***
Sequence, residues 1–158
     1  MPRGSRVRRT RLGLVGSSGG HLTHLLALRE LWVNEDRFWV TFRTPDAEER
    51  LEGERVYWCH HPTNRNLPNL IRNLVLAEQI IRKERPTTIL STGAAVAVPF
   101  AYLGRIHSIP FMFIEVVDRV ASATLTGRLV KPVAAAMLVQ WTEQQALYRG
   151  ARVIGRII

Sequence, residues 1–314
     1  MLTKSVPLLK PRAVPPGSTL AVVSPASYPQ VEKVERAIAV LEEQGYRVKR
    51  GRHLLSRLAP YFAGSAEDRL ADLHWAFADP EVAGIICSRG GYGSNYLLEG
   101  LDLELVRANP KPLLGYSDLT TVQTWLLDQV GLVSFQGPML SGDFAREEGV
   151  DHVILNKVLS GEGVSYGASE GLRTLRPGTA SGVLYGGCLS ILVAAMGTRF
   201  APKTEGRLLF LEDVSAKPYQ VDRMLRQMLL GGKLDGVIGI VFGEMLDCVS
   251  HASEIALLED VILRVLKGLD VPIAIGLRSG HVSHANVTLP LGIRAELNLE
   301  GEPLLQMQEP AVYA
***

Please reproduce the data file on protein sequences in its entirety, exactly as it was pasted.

Sequence, residues 1–158
     1  MPRGSRVRRT RLGLVGSSGG HLTHLLALRE LWVNEDRFWV TFRTPDAEER
    51  LEGERVYWCH HPTNRNLPNL IRNLVLAEQI IRKERPTTIL STGAAVAVPF
   101  AYLGRIHSIP FMFIEVVDRV ASATLTGRLV KPVAAAMLVQ WTEQQALYRG
   151  ARVIGRII

Sequence, residues 1–314
     1  MLTKSVPLLK PRAVPPGSTL AVVSPASYPQ VEKVERAIAV LEEQGYRVKR
    51  GRHLLSRLAP YFAGSAEDRL ADLHWAFADP EVAGIICSRG GYGSNYLLEG
   101  LDLELVRANP KPLLGYSDLT TVQTWLLDQV GLVSFQGPML SGDFAREEGV
   151  DHVILNKVLS GEGVSYGASE GLRTLRPGTA SGVLYGGCLS ILVAAMGTRF
   201  APKTEGRLLF LEDVSAKPYQ VDRMLRQMLL GGKLDGVIGI VFGEMLDCVS
   251  HASEIALLED VILRVLKGLD VPIAIGLRSG HVSHANVTLP LGIRAELNLE
   301  GEPLLQMQEP AVYA